Mashable

Feel the rhythm, feel the rhyme: streaming music might be coming to Amazon Prime.

Amazon is in talks with various music labels that could let it stream music to customers, just like Spotify. That’s according to a report from Peter Kafka at Re/code.

A streaming music service would bring Amazon into an industry that has grown crowded and already suffers from low margins. However, low margins are nothing new to Amazon -- and streaming music would be a major addition to the entertainment offerings lined up for Prime subscribers.

Amazon Prime currently offers two-day shipping for $79 a year, a service that pays for itself quickly for people who tend to order from the site often. Prime users also get an increasing selection of movie and television streaming from Amazon’s library. While not quite competitive with Netflix, the media package highlights the fact that Amazon sees Prime as more than just shipping.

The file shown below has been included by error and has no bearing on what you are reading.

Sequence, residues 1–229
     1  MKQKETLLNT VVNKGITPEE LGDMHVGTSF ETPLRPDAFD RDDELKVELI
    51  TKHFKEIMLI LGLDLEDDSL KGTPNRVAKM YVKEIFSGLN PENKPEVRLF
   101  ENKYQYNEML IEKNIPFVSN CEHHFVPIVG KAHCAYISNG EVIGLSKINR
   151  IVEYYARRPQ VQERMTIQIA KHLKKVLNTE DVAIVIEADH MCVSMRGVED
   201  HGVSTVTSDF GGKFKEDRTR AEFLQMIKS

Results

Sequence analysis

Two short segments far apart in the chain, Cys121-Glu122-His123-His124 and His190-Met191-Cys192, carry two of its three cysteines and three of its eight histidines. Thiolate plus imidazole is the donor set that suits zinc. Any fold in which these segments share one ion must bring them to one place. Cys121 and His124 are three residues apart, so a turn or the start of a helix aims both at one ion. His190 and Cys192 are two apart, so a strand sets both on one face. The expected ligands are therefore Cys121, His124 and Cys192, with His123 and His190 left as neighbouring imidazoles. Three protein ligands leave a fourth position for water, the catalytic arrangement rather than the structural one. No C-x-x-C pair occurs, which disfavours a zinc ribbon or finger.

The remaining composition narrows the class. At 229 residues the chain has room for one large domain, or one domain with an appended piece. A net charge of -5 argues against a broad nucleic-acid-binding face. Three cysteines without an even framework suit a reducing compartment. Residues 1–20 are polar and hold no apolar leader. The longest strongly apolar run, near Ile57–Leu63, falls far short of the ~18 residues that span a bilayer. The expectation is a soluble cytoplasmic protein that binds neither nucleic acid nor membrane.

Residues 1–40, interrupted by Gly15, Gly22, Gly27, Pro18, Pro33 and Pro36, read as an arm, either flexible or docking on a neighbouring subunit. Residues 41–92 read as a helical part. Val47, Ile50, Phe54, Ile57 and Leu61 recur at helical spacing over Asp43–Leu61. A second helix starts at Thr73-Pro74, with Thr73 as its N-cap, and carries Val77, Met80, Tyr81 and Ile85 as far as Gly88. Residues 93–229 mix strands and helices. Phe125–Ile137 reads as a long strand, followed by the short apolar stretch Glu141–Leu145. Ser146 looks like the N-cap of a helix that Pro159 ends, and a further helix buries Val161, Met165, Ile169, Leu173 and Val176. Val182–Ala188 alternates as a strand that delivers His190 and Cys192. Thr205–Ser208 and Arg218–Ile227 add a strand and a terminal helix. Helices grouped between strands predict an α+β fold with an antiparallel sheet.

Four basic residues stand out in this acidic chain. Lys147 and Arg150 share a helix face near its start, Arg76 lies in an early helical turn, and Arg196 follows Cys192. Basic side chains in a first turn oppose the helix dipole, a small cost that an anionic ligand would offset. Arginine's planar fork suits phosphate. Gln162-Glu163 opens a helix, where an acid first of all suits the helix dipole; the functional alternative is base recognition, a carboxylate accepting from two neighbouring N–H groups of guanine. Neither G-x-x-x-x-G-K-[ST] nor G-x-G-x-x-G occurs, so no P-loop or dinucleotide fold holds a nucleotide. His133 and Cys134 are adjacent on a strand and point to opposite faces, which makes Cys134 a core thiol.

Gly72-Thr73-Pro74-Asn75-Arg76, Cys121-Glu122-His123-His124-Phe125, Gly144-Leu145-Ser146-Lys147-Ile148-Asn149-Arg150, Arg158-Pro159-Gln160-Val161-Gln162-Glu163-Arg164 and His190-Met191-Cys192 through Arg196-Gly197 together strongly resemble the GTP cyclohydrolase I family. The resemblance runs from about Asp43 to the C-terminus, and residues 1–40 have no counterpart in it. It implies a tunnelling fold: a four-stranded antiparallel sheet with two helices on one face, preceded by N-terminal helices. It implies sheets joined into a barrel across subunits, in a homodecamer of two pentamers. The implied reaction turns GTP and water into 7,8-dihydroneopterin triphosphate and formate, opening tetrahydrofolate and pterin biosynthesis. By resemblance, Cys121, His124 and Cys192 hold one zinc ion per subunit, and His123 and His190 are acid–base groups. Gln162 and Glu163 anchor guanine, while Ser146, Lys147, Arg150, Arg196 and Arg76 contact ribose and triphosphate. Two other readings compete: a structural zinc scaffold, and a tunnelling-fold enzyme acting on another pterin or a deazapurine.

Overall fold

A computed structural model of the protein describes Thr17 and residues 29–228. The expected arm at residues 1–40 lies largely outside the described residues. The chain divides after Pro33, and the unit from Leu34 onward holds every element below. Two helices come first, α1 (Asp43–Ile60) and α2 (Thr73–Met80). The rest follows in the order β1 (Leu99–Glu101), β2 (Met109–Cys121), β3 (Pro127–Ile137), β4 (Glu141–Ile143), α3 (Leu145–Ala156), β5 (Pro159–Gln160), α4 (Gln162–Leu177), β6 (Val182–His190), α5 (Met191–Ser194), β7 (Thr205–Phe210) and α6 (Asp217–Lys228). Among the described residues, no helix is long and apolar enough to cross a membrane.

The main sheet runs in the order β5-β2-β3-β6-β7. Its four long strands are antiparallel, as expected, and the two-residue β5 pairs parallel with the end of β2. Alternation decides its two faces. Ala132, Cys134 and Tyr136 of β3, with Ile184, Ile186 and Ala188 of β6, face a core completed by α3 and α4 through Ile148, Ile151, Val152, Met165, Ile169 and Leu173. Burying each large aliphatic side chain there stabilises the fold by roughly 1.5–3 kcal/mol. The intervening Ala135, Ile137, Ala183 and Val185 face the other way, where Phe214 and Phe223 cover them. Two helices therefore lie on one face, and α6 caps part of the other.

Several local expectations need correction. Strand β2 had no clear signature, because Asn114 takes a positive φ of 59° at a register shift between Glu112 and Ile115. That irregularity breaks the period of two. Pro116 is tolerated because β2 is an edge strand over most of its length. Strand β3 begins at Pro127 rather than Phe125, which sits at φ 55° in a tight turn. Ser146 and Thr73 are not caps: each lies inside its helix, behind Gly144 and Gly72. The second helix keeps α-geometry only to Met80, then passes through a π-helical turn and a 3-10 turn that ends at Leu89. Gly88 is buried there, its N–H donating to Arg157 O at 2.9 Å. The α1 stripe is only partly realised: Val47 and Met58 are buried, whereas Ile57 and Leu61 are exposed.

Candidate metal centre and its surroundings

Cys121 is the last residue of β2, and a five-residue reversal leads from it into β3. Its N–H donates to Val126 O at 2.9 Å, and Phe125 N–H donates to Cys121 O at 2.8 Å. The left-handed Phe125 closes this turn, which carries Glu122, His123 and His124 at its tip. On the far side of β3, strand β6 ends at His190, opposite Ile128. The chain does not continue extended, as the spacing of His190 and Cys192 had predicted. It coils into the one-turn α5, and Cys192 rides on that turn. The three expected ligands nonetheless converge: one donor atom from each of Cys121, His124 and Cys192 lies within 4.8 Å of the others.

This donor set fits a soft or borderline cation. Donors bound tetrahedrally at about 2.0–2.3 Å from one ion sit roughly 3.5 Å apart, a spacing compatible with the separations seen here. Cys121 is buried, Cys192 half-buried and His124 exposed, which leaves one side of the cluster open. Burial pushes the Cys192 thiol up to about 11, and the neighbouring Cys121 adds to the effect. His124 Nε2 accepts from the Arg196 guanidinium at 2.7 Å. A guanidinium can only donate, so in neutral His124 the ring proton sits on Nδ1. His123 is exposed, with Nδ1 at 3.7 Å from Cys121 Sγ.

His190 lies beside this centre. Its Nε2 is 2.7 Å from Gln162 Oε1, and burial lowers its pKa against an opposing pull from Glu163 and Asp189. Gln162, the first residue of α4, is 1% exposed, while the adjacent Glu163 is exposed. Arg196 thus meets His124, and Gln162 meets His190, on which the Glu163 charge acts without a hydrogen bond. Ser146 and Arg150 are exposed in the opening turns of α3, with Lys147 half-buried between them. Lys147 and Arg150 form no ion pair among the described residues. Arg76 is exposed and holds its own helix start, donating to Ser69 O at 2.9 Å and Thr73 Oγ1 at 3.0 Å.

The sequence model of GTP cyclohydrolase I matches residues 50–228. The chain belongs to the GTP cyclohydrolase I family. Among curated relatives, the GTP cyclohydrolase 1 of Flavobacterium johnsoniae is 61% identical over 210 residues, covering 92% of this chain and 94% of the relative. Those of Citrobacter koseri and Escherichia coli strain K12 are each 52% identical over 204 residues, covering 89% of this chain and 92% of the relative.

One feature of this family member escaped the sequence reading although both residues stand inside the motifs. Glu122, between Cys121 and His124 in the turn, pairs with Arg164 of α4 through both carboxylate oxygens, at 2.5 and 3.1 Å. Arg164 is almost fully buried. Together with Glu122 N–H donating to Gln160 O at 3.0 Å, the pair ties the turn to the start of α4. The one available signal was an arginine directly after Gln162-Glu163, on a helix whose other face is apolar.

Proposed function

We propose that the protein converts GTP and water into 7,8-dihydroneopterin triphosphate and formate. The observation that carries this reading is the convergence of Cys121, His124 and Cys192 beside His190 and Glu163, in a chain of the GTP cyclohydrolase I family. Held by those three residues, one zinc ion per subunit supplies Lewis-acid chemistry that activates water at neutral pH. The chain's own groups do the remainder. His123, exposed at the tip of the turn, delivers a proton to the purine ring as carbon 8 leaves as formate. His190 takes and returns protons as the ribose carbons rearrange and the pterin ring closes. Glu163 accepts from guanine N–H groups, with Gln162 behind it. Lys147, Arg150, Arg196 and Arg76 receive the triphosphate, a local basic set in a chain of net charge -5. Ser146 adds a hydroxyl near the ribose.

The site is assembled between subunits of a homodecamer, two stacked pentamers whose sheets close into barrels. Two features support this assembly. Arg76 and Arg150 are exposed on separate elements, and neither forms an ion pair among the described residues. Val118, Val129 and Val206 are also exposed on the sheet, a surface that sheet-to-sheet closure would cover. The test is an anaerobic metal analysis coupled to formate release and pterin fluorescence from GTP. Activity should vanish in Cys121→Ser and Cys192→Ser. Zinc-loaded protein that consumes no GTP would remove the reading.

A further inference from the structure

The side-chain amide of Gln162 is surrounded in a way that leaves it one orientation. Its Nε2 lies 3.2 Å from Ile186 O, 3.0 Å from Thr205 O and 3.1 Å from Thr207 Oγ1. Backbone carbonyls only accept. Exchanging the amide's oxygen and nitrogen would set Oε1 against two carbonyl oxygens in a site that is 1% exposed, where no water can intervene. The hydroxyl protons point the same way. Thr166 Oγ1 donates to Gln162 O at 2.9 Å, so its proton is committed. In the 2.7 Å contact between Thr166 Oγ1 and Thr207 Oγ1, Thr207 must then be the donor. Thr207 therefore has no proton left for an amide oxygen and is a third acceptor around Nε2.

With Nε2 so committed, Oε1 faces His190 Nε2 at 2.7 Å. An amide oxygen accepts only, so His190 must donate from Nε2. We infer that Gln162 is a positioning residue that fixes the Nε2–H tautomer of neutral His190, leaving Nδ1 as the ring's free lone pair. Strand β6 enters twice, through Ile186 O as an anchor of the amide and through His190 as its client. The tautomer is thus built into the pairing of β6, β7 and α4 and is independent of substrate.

Music streaming is a low-margin business. A streamed song generates far less profits than a CD sale or even the purchase of a song online. The space is crowded with Pandora, Spotify, Google Play, iHeartRadio, Beats Music, Rdio, Grooveshark and many others.

Therein lies the advantage for Amazon. It does not need to necessarily turn a profit from its music streaming. Just by including it with Amazon Prime -- which may soon be significantly more expensive -- the company can make the product more valuable for customers.

Apple ran a similar gambit when it launched its iTunes store. The company has never made a ton of money from its music sales. It did not need to. Offering music downloads encouraged sales of iPods, a product that have some very attractive margins.

Music streaming, therefore, could become for Amazon what music downloads were for Apple -- a way to drive more people to spend money on the core business. And as Time pointed out almost a year ago, people on Prime tend to buy way more stuff off Amazon.

Amazon declined to comment for this story.